Prop 8 Passing Ignites Protest

As Barack Obama was elected president last week, a huge victory against racism and discrimination was won. However, many saw another battle of comparable importance lost.

When California voters approved Proposition 8, it told homosexual couples that they no longer share the same rights as the rest of America. At this apex of cultural maturity in the United States it should no longer come as a surprise when people converge to protest for equality, because that's exactly what happened all throughout Los Angeles for the second straight night last Thursday.

What began as a call to arms over the internet soon manifested into a gathering of monumental proportions in front of the Los Angeles Mormon Temple in Westwood, which was a key contributor to the Yes on Prop. 8 campaign.

"What do we want? Equal rights! When do we want them? Now!" the crowd chanted as they traveled from the Mormon Church, down Wilshire Boulevard, with no particular destination in mind. Their goal was just to get noticed. They brought hundreds of signs out of the woodwork. Most read "No on Prop. 8" but some more creative ones read" 'Chickens have more rights than me," "Gay is the new black," and "Mormon equals bigotry." To make themselves heard from far away, multitudes of megaphones were used to lead the group in chants. It was hard not to stop, stare and listen to what the crowd had to say.

"I'm just walking for my rights, in order to get married one day. It should be equal rights for all and the segregation needs to come down. We got rid of it for the blacks, Latinos and Asians," said activist Erik Escareno as he took a break from shouting into his megaphone. "Just because we're gay doesn't mean there [should be] bigotry in our society today. I walk because one day we will have equality and that's what America is all about."

Spectators on the sidewalk cheered and people in their cars honked supporting their cause. Many remarked "It's a bad day to be driving," but those trapped in the traffic didn't seem to mind.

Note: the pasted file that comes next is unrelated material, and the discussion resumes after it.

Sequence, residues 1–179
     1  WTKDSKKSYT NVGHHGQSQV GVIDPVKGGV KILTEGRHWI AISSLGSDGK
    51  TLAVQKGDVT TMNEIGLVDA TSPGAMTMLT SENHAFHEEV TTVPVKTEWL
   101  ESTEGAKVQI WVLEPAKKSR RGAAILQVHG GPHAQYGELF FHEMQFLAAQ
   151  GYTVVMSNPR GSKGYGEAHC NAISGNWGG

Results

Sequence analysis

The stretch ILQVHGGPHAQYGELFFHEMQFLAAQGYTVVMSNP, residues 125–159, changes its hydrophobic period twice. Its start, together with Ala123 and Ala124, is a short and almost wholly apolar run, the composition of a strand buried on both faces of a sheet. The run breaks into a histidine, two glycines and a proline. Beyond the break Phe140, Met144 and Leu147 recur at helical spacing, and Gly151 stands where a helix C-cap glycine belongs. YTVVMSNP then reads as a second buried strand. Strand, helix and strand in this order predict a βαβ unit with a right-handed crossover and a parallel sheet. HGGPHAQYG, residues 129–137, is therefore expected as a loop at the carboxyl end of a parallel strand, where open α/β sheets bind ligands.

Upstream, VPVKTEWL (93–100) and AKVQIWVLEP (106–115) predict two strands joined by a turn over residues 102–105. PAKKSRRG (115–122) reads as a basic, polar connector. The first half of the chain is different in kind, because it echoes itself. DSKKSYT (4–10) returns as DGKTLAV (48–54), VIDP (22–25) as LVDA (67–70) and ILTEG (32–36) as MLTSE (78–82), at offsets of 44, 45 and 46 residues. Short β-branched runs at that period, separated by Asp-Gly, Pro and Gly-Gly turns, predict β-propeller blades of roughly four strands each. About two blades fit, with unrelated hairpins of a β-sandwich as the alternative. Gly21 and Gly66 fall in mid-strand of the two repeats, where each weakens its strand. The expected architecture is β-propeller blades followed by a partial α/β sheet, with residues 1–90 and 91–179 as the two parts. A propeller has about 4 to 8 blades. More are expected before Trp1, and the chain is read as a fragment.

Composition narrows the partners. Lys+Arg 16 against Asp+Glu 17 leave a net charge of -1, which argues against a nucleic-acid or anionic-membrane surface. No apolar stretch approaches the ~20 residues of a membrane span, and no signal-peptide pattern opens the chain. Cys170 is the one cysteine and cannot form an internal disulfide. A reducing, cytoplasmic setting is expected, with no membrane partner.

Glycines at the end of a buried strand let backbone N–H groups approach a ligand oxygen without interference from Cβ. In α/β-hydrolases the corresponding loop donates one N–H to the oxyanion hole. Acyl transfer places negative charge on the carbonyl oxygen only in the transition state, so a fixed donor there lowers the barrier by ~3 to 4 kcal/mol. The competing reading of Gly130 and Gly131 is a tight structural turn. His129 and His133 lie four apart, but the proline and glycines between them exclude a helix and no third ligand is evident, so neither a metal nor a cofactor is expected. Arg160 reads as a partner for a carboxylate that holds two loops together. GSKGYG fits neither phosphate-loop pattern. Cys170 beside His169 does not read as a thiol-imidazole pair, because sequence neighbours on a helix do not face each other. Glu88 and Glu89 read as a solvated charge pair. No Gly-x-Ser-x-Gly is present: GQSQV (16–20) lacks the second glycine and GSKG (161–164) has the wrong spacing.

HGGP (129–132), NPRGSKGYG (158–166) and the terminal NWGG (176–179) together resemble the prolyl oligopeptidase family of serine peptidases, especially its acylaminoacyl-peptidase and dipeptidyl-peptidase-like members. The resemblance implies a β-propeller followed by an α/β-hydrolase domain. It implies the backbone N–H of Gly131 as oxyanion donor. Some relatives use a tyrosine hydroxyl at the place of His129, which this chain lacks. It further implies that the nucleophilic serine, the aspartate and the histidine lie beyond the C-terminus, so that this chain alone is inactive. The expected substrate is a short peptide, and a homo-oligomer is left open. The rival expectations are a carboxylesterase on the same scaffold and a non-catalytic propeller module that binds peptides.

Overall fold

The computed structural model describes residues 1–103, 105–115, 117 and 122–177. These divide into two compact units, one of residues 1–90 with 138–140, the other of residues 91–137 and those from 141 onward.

An impressive squad of police officers on motorcycles, bicycles and a few police-issue golf-carts-on-steroids lined the eastbound lane of Wilshire Boulevard to prevent any violence from breaking loose and making sure that the multiplying group had a clear path ahead.

"The cops have been so amazingly cool but we've also been amazingly cooperative with them. At every junction we always send up someone who talks to them, they figure out where we want to go, and they usually let us go," said Vash Boddi as he waved his rainbow flag and marched onwards.

Throughout the duration of the protest there were no visible altercations going on. Occasionally a bystander would shout something in bad taste at the demonstrators, but other participants were always quick to quell any of those incidents before they could escalate. "We've been keeping violence down, we told [the marchers] not to engage with 'Yes on 8' people. All they're trying to do is demonize us, make us look like what they want us to be, we're not, we're peaceful. We just want the right to live as Americans," demonstrator Scott Cross said while proudly marching at the front of the procession.

The crowd became increasingly enthusiastic as the protest increased in numbers, the chants became more frequent and louder. Several times concerned individuals urged the protesters to slow down so the police could have time to clear a path.